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Can video capsule endoscopy be safely used as an alternative to standard endoscopic procedures for the initial evaluation of gastrointestinal bleeding during the COVID-19 pandemic?
In this cohort study of 146 patients (74 with COVID-19), active bleeding was more frequently identified with video capsule endoscopy as the first strategy (59.5%) compared with conventional endoscopic evaluation (25.0%). The number of invasive procedures was significantly decreased with video capsule endoscopy without increased risk of rebleeding or compromising safety.
The results of this study suggest that video capsule endoscopy can serve as a safe alternative to the standard endoscopic evaluation of gastrointestinal bleeding because it reduces the number of invasive procedures, personnel involved, and use of personal protective equipment.
Evaluation of acute gastrointestinal (GI) bleeding using invasive endoscopic procedures comprising the standard of care (SOC)—upper endoscopy and colonoscopy—can expose the endoscopy staff to SARS-CoV-2. Video capsule endoscopy (VCE) does not generate aerosols and only requires 1 person to manage the procedure.
To examine the safety of VCE for the initial evaluation of GI bleeding at the peak of the COVID-19 pandemic to identify signs of active bleeding while minimizing patient and personnel exposure, saving personal protective equipment, and avoiding invasive or unnecessary procedures.
Design, Setting, and Participants
A multicenter (UMass Memorial Medical Center and Louisiana State University Health Sciences Center) retrospective cohort study including 146 patients with COVID-19 who received VCE as the first-line diagnostic modality was conducted from March 15 to June 15, 2020, compared with SOC in January 2020 for evaluation of GI bleeding. The association between treatment and outcomes was estimated using multivariable regression adjusting for potential confounders. Propensity score matching was used to verify the results.
Main Outcomes and Measures
The primary end point was detection of active bleeding or stigmata of recent bleeding. Secondary end points included the number of patients requiring any invasive procedures, number of additional procedures, rates of rebleeding and rehospitalization, transfusion requirements, and mortality.
Among 146 patients, 92 (63.0%) were men; mean (SD) age was 64.93 (14.13) years in the COVID-19 group and 61.33 (13.39) years in the SOC group. Active bleeding or stigmata of recent bleeding was observed in 44 (59.5%) patients in the COVID-19 group compared with 18 (25.0%) in the SOC group (adjusted odds ratio, 5.23; 95% CI, 2.23 to 12.27). Only 36 patients (48.7%) in the COVID-19 group required any invasive procedure during the hospitalization compared with 70 (97.2%) in the SOC group (adjusted odds ratio, 0.01; 95% CI, 0.001 to 0.08). The mean (SD) number of invasive procedures was 0.59 (0.77) per patient in the COVID-19 group compared with 1.18 (0.48) per patient in the SOC group (adjusted difference, −0.54; 95% CI, −0.77 to −0.31). Both approaches appeared to be safe and there was no significant difference in transfusion requirements, rebleeding, rehospitalization, or in-hospital mortality. No mortality was attributed to GI bleeding in either group.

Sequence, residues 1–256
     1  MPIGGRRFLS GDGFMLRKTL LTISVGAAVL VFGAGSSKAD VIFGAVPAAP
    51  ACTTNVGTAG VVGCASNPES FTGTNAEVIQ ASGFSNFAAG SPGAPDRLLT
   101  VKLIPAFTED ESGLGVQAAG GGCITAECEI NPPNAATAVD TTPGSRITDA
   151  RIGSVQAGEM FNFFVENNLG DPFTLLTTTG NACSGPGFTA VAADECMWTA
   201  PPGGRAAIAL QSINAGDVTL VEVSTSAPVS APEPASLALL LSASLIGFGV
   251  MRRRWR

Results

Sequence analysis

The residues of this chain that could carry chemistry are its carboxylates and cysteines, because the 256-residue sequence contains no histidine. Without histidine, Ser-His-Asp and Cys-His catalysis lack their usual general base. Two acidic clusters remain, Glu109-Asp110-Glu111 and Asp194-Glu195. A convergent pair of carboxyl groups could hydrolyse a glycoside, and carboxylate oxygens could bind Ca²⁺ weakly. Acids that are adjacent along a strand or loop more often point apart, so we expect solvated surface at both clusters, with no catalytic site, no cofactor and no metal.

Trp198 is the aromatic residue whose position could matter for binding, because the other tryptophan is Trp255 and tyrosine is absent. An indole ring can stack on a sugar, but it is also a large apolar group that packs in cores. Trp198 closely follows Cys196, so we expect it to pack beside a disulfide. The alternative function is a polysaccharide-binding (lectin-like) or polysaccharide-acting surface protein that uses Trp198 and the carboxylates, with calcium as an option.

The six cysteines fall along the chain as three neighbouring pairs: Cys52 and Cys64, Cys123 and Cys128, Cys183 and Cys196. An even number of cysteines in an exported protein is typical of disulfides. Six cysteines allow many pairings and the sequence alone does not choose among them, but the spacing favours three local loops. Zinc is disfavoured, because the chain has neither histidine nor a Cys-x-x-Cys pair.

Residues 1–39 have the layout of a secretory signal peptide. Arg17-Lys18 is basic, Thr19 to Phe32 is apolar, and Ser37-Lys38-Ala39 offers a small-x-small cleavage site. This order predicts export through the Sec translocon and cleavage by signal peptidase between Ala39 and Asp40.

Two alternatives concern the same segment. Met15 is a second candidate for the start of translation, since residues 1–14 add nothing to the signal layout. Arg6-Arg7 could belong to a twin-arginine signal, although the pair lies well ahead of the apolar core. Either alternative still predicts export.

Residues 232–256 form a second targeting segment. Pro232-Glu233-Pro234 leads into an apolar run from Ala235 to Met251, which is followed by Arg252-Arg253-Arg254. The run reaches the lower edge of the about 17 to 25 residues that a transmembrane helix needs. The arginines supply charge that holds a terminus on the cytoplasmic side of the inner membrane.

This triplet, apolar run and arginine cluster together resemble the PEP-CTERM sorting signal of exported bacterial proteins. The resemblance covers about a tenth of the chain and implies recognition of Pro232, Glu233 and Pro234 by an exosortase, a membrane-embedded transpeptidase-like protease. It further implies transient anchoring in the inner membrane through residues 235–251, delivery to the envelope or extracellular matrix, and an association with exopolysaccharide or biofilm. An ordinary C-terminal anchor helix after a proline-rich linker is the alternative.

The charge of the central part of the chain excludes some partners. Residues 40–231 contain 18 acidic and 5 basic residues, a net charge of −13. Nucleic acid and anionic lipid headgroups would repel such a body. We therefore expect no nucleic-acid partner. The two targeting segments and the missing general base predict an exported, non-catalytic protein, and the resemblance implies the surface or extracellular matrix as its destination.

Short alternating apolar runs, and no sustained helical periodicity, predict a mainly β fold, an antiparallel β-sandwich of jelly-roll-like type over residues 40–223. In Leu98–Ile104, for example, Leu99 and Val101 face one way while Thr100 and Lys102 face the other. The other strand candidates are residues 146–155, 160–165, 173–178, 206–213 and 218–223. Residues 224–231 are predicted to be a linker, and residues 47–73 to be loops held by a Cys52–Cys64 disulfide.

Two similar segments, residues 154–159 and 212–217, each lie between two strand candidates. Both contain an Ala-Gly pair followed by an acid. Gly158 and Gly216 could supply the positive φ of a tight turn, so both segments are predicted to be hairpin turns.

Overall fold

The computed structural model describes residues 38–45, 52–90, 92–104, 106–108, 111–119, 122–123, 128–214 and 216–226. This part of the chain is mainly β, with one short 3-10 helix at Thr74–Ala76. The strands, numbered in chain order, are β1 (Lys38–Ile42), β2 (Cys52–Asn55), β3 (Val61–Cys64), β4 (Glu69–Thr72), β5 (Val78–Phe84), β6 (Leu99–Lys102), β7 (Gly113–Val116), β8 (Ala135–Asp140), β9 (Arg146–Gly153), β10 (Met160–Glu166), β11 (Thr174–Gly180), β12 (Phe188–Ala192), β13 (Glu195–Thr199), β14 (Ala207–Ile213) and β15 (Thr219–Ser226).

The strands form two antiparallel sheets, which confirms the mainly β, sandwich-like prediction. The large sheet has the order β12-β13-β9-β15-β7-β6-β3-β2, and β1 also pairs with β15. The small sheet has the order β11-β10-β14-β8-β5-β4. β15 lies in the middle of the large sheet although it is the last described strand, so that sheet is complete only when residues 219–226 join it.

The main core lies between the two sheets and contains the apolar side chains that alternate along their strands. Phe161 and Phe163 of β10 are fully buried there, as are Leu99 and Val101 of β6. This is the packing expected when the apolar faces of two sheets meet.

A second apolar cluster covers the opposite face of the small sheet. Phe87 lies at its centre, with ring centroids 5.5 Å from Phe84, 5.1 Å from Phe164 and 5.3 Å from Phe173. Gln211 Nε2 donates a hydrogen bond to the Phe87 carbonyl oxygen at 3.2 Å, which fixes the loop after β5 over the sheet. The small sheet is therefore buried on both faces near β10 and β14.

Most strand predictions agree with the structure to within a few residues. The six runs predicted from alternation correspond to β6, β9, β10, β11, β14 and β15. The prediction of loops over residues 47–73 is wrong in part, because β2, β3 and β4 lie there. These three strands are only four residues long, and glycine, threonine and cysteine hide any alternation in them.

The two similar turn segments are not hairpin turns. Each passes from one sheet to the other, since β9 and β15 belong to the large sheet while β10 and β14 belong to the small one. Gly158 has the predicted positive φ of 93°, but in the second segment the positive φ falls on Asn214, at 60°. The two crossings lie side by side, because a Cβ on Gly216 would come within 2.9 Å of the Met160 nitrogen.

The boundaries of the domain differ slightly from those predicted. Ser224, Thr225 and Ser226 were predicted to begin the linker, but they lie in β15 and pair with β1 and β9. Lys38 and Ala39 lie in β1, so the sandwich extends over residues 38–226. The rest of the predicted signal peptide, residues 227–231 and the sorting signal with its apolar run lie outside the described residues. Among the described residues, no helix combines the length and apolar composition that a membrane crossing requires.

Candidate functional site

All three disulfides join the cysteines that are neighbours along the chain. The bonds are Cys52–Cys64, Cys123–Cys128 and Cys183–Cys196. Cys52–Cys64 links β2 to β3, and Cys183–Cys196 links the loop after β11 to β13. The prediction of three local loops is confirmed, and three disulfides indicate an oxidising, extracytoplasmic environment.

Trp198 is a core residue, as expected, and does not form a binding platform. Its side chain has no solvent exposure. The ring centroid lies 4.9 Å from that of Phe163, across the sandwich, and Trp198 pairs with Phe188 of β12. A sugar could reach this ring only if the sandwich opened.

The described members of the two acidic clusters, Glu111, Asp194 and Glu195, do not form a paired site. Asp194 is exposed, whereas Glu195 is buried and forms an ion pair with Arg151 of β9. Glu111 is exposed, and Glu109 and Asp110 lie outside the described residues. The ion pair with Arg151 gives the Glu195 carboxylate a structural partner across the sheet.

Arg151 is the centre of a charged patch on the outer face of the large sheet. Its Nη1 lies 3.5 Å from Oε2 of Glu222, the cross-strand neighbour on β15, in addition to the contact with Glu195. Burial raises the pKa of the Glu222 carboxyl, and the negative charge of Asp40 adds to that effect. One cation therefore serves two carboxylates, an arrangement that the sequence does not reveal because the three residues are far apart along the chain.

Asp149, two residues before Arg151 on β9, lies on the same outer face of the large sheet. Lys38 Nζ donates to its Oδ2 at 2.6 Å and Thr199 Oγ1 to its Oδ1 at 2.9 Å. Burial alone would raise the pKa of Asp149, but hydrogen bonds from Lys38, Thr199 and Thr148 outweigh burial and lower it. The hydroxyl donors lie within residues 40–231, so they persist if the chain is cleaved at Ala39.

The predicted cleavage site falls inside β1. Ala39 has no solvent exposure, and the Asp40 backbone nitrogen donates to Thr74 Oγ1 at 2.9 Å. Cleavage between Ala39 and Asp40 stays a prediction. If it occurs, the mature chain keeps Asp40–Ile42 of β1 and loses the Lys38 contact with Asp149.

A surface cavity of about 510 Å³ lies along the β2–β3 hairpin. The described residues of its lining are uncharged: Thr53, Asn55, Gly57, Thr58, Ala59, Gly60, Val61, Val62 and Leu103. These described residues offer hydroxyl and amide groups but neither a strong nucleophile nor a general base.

Conclusions and Relevance
In this cohort study, first-line diagnostic evaluation of acute GI bleeding using VCE appeared to be a safe and useful alternative to the traditional approach of upper endoscopy and colonoscopy. Use of VCE was associated with increased detection of active bleeding and a reduced number of invasive procedures and unnecessary exposure of personnel to SARS-CoV-2 and use of personal protective equipment.
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CME Disclosure Statement: Unless noted, all individuals in control of content reported no relevant financial relationships. If applicable, all relevant financial relationships have been mitigated.
Accepted for Publication: May 24, 2021.
Published: July 30, 2021. doi:10.1001/jamanetworkopen.2021.18796
Open Access: This is an open access article distributed under the terms of the CC-BY License. © 2021 Hakimian S et al. JAMA Network Open.
Corresponding Author: Shahrad Hakimian, MD, Department of Medicine, Division of Gastroenterology, University of Massachusetts Medical School, 55 Lake Ave N, Worcester, MA 01655 (email@example.com).
Author Contributions: Dr Hakimian had full access to all of the data in the study and takes responsibility for the integrity of the data and the accuracy of the data analysis.
Concept and design: Hakimian, Raines, Rau, Foley, Cave.
Acquisition, analysis, or interpretation of data: Hakimian, Raines, Reed, Hanscom, Stefaniwsky, Petersile, Rau.
Drafting of the manuscript: Hakimian, Raines, Rau, Cave.
Critical revision of the manuscript for important intellectual content: All authors.
Statistical analysis: Hakimian, Raines, Reed, Rau.
Administrative, technical, or material support: Raines, Hanscom, Stefaniwsky, Petersile, Rau, Foley, Cave.
Supervision: Raines, Cave.
Conflict of Interest Disclosures: Ms Foley reported receiving grants from Olympus Corp supporting a clinical trial evaluating capsule endoscopy outside the submitted work. Dr Cave reported receiving grants from Medtronic, Olympus Corp, and AnX Robotics outside the submitted work and is a contributor to UpToDate. No other disclosures were reported.
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